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An Untold Painful Story: Severe Arthritis Found in Duck-Billed Dinosaur’s Elbow

Aug 05, 2016 04:00 AM EDT
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Seventy million years ago, a duck-billed dinosaur suffered from a bad elbow inflicted with severe arthritis.

Researchers in New Jersey found a hadrosaur specimen that had septic arthritis in its elbow. According to Live Science, this is the oldest recorded case of septic arthritis -- a condition in which a joint becomes inflamed, often from bacteria or fungus.

Before reaching the end of its life, researchers said that the plant-eating, duck-billed dinosaur must have endured considerable pain, New Scientist reports.

An evidence of septic arthritis -- an especially nasty form of the disease caused by infection and known to afflict modern birds, crocodiles and human beings -- was found in the X-ray analysis of the fossilized elbow joint.

Meanwhile, a micro-tomography scan, which is a high-resolution version of the CT scans used in hospitals, showed that the joint was fused and covered in bony growths.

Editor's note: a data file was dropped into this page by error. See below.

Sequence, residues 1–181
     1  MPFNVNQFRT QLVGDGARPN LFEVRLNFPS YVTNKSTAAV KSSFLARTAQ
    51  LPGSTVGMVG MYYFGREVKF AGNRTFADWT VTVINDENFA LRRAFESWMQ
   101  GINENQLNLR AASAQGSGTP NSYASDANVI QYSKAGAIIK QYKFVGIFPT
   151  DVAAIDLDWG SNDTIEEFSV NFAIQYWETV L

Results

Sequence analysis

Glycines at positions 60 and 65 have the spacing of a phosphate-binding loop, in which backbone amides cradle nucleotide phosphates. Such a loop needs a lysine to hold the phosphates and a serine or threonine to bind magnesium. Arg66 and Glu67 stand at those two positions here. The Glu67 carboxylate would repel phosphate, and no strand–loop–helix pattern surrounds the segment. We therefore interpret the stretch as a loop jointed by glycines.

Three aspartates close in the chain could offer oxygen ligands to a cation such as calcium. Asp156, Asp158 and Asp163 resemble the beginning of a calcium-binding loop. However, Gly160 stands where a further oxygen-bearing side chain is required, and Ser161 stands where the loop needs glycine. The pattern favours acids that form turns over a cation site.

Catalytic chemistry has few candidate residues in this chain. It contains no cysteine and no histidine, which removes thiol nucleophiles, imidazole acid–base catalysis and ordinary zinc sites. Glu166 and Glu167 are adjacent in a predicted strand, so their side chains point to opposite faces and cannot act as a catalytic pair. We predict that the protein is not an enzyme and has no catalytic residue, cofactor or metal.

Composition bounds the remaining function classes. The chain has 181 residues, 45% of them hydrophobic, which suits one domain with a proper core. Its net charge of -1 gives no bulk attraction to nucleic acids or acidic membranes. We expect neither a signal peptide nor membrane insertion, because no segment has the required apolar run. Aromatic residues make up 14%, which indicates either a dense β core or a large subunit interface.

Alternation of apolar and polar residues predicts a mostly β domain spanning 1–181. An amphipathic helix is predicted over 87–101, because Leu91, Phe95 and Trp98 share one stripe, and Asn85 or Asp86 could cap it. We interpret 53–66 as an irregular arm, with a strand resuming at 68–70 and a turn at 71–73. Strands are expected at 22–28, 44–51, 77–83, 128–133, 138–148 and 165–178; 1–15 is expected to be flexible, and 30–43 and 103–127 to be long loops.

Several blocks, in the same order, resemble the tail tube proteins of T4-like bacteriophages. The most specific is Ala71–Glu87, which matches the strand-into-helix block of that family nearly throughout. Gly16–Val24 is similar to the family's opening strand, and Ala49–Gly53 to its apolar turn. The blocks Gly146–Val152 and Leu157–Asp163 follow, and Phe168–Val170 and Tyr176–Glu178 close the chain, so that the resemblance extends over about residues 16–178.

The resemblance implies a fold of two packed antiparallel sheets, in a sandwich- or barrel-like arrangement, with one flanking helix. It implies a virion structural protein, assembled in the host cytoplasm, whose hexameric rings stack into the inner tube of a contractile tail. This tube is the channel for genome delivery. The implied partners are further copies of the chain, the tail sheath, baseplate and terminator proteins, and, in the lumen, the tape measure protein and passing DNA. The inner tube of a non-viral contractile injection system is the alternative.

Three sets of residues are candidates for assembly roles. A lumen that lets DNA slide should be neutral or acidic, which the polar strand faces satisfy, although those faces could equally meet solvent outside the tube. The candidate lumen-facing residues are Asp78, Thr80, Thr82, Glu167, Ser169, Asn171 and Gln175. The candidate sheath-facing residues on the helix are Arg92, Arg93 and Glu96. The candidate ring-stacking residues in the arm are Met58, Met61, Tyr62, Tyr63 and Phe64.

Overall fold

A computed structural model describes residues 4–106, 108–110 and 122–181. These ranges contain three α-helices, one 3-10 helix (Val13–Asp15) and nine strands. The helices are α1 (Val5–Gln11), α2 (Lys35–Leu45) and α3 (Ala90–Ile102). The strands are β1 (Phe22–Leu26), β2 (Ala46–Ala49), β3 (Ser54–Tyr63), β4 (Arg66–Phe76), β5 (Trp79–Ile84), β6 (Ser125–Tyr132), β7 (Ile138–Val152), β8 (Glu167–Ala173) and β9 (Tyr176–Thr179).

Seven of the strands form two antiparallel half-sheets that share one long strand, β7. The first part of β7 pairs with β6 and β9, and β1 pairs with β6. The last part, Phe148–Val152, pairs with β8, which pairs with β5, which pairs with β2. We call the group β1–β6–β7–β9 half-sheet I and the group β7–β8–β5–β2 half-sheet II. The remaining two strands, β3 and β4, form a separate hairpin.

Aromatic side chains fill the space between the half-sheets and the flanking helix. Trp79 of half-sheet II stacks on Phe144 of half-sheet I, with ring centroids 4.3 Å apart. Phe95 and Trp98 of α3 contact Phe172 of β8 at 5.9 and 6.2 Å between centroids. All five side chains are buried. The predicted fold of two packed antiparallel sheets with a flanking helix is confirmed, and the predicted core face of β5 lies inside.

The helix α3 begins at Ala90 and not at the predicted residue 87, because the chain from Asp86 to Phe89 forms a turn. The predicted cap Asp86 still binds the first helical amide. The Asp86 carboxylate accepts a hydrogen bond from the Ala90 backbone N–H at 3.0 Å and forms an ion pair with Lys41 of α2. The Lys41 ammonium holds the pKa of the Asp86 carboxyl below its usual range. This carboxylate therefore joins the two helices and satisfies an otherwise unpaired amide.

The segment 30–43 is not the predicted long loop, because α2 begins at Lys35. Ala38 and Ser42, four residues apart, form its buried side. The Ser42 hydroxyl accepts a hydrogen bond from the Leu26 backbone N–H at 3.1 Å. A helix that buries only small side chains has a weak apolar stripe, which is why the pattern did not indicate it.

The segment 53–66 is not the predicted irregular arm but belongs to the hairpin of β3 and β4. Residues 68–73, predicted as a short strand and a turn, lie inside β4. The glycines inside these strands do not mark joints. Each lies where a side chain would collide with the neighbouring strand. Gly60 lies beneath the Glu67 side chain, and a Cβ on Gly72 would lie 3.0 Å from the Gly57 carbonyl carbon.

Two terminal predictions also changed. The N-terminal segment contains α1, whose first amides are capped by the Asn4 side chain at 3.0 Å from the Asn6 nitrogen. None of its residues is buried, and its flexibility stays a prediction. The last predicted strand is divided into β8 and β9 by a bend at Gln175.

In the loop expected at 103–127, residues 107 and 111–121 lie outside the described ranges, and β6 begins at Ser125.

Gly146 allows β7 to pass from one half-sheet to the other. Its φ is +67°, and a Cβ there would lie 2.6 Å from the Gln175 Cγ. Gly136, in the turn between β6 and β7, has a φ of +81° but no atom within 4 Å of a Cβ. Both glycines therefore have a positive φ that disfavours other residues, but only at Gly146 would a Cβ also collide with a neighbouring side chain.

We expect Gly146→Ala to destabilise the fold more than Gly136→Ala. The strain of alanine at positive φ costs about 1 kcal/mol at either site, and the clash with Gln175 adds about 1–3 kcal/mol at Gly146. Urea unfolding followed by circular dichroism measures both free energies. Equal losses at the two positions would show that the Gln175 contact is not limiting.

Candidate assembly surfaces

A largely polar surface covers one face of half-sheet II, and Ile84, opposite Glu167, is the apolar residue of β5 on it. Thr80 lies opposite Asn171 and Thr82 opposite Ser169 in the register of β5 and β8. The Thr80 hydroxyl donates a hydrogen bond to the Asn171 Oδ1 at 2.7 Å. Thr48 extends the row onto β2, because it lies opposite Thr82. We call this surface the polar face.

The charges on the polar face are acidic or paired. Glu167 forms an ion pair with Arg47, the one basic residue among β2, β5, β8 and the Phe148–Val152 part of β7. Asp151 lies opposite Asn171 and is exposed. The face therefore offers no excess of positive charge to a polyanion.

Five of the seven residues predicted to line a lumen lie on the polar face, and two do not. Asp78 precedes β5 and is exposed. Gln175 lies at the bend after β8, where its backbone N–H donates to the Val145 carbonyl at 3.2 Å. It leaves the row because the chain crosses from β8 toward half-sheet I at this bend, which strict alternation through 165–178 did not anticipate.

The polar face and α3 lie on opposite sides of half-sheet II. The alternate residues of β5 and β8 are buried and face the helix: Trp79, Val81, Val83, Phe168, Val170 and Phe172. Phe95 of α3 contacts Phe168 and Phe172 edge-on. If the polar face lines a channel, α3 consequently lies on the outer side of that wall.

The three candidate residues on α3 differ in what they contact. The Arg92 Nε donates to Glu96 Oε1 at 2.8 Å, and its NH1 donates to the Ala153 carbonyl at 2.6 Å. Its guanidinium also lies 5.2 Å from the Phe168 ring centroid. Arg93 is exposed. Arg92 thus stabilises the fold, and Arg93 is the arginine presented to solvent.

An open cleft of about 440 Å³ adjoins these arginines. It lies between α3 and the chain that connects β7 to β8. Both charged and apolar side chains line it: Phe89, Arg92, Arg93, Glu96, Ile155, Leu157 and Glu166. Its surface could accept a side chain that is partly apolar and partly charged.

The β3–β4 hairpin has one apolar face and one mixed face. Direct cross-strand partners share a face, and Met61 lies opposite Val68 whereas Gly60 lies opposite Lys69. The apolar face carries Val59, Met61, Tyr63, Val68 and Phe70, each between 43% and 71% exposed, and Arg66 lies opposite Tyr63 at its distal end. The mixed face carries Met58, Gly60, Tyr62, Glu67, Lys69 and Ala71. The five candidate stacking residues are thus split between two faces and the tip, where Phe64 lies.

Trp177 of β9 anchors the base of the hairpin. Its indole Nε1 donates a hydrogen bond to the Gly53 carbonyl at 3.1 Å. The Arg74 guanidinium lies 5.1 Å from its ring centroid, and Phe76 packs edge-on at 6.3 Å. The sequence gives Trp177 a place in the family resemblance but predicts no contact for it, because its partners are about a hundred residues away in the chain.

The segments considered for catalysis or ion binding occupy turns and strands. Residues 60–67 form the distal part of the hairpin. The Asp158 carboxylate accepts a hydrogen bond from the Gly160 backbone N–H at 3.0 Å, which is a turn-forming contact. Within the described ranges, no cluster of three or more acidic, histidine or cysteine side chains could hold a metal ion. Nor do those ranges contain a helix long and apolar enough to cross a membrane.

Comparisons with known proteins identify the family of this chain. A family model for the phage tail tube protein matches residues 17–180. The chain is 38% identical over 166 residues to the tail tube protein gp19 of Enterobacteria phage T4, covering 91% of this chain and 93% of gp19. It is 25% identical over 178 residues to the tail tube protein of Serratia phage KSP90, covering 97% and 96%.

Study lead researcher Jennifer Anné told Live Science, "Our [duck-billed dinosaur] seems to have been afflicted with septic arthritis, which completely destroyed the elbow joint."

Anné also mentioned that there was a possible fusion of the below due to the presence of bone destruction and excess bone growth.

The researchers would not be able to know the existence of this fossilized specimen if not discovered by David Paris, a curator in New Jersey State Museum.

According to New Scientist, the detailed micro-CT images helped the researchers diagnose the duck-billed dinosaur (or hadrosaur) and its bad case of septic arthritis. The condition likely gave the dinosaur a limp, and could have "possibly been severe enough for the animal to not use that arm at all," Anné said.

It is the first time septic arthritis has been seen in a dinosaur, although another arthritic condition called osteomyelitis was quite common among these creatures.

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